Les conséquences ne surprendront guère. Une « insécurité linguistique » plombe l’usage du français dans les officines fédérales à Ottawa, à Gatineau et à Montréal. Pas moins de 44 % des fonctionnaires francophones sont mal à l’aise d’utiliser leur langue première sur les lieux de travail, par crainte d’être jugés, d’être mal compris par leurs supérieurs ou d’exiger des efforts de compréhension supplémentaires de leurs collègues anglophones. Le constat provient d’une source fiable : le Commissaire aux langues officielles du Canada. Voilà l’état de cette maison bilingue irréformable.

Les critiques rappelleront que les Autochtones sont encore plus sous-représentés que les francophones dans la fonction publique et que leur accorder une exemption est un moindre mal dans la perspective d’une réconciliation avec les peuples autochtones. La réconciliation, nous en sommes. Elle sera nettement plus féconde et durable si elle englobe les deux « peuples fondateurs » de jadis, aux côtés des Autochtones. Ceux-ci sont bien placés pour comprendre les risques et périls qui guettent les langues en situation de minorité. Ce n’est rien leur enlever que de maintenir les exigences de bilinguisme dans la fonction publique, quitte à leur donner du temps et du soutien pour qu’ils puissent avoir la possibilité de s’ouvrir au français avec la même générosité qu’à l’anglais.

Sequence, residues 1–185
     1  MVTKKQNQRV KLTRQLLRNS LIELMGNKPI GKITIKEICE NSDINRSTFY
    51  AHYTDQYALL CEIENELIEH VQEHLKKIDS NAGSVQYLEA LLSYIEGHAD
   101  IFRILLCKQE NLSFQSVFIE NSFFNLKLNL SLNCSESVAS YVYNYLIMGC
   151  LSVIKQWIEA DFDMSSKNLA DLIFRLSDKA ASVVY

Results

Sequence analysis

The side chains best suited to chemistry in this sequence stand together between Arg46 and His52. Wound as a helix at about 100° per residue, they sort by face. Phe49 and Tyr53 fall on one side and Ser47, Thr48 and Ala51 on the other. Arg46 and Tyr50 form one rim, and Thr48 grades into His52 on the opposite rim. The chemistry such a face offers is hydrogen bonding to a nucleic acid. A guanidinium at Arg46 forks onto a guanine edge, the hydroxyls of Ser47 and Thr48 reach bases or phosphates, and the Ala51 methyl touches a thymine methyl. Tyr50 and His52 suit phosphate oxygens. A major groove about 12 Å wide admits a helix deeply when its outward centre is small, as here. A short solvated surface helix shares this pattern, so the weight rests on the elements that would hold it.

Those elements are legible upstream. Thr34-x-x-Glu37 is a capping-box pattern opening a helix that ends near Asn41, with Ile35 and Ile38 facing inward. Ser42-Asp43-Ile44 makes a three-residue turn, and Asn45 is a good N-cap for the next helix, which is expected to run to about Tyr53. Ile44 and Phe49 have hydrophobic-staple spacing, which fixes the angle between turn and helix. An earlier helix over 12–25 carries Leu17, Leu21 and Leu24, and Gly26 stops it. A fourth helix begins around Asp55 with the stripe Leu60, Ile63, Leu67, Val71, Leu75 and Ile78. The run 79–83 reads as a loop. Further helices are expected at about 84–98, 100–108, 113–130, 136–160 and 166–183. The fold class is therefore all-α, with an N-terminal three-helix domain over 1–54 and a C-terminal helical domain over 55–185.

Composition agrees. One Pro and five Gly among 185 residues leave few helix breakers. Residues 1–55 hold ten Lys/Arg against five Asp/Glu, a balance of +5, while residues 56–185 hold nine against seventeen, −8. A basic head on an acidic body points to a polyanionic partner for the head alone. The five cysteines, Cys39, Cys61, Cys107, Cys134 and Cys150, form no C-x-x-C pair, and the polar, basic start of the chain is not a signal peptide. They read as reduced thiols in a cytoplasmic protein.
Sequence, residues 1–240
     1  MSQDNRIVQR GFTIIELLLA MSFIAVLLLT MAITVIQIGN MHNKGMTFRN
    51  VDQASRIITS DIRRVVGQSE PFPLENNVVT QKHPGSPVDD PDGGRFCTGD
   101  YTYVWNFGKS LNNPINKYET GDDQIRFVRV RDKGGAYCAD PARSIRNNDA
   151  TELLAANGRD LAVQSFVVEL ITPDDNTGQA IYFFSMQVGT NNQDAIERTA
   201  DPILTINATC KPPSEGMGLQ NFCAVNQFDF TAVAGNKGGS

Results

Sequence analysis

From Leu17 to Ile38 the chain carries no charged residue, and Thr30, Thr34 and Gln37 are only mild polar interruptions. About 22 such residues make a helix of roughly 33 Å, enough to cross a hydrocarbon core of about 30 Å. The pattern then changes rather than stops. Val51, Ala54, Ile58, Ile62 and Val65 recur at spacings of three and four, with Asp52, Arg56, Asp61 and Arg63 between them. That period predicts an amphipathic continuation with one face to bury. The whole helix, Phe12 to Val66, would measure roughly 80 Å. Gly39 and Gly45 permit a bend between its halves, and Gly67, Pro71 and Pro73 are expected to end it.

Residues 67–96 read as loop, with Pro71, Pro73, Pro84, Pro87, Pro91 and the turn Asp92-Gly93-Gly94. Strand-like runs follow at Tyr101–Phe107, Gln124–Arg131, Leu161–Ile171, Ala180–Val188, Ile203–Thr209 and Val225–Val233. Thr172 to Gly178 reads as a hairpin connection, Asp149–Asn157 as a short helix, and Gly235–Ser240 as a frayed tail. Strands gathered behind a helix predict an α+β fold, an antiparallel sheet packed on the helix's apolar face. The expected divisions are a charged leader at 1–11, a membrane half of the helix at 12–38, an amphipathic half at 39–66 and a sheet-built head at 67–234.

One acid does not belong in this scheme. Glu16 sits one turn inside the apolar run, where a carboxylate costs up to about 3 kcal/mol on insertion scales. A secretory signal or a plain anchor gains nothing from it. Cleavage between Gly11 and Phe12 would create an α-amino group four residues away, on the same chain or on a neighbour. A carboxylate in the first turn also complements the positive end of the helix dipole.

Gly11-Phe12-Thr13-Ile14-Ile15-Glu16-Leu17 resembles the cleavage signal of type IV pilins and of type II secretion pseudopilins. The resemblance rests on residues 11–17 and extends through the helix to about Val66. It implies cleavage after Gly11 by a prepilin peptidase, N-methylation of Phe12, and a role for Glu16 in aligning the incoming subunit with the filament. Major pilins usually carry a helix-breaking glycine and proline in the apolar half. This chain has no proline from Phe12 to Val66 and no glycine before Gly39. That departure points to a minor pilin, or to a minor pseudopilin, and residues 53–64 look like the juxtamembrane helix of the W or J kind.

Source: Le bilinguisme avant la réconciliation

Ottawa should offer Indigenous-language training, exemptions to public servants, memo says

Easier to see from a service perspective in certain localities where numbers warrant but does pose significant operational challenges. The risk of an exemption, of course, is that it may provoke further requests for exemptions:

Senior civil servants explored offering Indigenous-language training to federal employees and possible exemptions to those who already speak one from requiring fluency in both English and French, newly released documents show.

Deputy ministers from several departments discussed the issue last fall.

A memo, released to The Canadian Press under federal access-to-information laws, flagged a “growing tension” between official-language requirements and Indigenous languages.

Under Canada’s Official Languages Act, federal institutions must offer working environments for employees to communicate in both French and English, and offer services to Canadians in either language.